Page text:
When the weather outside becomes frightfully cold, you can always retreat to the comforts of hot soup and a cozy open fire. Your garage door, on the other hand, has no other choice than to brave the elements no matter how far temperatures plummet. Needless to say, chilly winter weather can have plenty of drastic effects on how your garage door not only operates, but also lasts throughout the rest of the season.
The following outlines some of the impacts that severe cold can have on your garage door. You'll also learn a few ways to mitigate these issues to maintain a well-functioning garage door.
Have you ever tried to open your garage door on a chilly morning, only to discover it won't budge a single inch? You might finally get it open after a few forceful tries, only to discover that the garage door's weatherstripping is torn to shreds. It's a common problem that occurs due to snow and ice buildup practically gluing the rubber weatherstripping to the cold ground.
Fortunately, all it takes to avoid this problem is a little heat and a little patience. If frozen weatherstripping has your garage door frozen shut, sweep snow away from the door and use a hair dryer to melt the ice away. Afterwards, keep the base of the door clear of any snow before it has an opportunity to stick to the door.
Brittle Garage Door Springs
Metal components like garage door springs rely on their strength and resilience to work properly and enjoy a long life. Cold temperatures can turn these otherwise ductile metals brittle, making them more susceptible to cracking or shattering during operation. It's not unusual for garage door springs to suffer catastrophic failures throughout the winter due to cold temperatures damaging already-weak springs.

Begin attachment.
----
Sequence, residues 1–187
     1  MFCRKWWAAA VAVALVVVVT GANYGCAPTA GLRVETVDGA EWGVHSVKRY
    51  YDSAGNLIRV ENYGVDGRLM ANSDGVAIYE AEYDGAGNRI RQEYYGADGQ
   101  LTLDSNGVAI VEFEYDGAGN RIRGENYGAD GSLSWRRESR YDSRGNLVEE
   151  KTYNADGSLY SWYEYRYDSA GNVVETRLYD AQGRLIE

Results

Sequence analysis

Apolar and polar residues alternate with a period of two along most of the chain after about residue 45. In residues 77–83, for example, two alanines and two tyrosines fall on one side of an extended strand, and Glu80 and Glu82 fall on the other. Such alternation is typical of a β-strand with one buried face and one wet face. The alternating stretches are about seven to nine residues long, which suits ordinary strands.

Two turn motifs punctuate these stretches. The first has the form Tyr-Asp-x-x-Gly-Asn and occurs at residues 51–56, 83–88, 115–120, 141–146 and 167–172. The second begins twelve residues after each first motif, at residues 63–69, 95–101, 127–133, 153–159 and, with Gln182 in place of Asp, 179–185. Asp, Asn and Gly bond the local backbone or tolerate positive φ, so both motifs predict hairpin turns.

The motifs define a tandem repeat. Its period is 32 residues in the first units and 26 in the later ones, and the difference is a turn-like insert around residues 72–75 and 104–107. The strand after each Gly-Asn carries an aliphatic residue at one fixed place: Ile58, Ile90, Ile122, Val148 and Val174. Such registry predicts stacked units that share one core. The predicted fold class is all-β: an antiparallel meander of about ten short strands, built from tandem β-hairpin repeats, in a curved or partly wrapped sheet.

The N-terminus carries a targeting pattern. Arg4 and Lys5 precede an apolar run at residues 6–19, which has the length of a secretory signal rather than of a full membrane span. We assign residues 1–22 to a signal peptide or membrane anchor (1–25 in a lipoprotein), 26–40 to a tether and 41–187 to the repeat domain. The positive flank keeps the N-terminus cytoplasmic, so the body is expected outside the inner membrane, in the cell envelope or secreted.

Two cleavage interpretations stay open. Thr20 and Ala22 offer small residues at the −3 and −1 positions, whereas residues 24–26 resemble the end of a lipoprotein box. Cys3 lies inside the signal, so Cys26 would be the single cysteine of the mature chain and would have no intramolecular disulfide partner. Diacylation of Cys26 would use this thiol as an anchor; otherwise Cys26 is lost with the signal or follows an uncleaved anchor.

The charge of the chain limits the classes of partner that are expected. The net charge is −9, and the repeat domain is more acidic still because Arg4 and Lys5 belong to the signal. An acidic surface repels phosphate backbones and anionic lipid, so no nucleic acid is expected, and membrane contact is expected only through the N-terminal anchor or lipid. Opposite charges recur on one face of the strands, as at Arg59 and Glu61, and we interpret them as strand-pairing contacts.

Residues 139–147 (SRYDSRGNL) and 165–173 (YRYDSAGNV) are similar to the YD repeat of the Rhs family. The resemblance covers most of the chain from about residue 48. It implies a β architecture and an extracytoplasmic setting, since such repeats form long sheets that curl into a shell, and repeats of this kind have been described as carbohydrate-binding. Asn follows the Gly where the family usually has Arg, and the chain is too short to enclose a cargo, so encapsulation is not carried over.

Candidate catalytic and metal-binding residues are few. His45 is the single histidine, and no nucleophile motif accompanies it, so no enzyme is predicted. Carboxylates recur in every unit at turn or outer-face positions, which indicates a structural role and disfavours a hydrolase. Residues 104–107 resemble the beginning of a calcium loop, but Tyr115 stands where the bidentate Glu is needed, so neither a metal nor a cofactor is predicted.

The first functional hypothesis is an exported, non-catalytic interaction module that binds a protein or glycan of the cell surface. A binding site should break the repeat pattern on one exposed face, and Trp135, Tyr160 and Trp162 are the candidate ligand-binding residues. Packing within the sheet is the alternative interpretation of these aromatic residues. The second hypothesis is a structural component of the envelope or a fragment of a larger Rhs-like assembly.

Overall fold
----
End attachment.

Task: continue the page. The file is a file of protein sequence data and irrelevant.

Keep an eye on your garage door springs and keep them properly lubricated throughout the year. If your garage door springs are on their last legs, have a seasoned professional replace them before cold weather arrives.
Cold temperatures can harden certain types of grease, making it more difficult to open and close your garage door while leaving metal components vulnerable to rust and corrosion. Hardened grease can also congeal into small piles in certain areas of the track and rollers, preventing effective lubrication while creating an unpleasant mess.
Consider using a silicone lubricant instead of heavy grease to lubricate moving parts. Most silicone-based lubricants work well in cold weather, making them more effective than heavy-duty grease or engine oil.
Rust and Corrosion
While it's not a direct result of cold weather, rust and corrosion buildup are issues that could pop up during cold weather, especially in areas that regularly experience heavy snowfall. Snow and slush can contain corrosive contaminants like road salt, which in turn can be tracked into the garage when parking your vehicle inside. These corrosive contaminants, combined with increased moisture, can cause your garage door's unprotected metal components to rust or corrode. If you find rust on your garage door, contact a company that provides residential garage door repair services for assistance.Share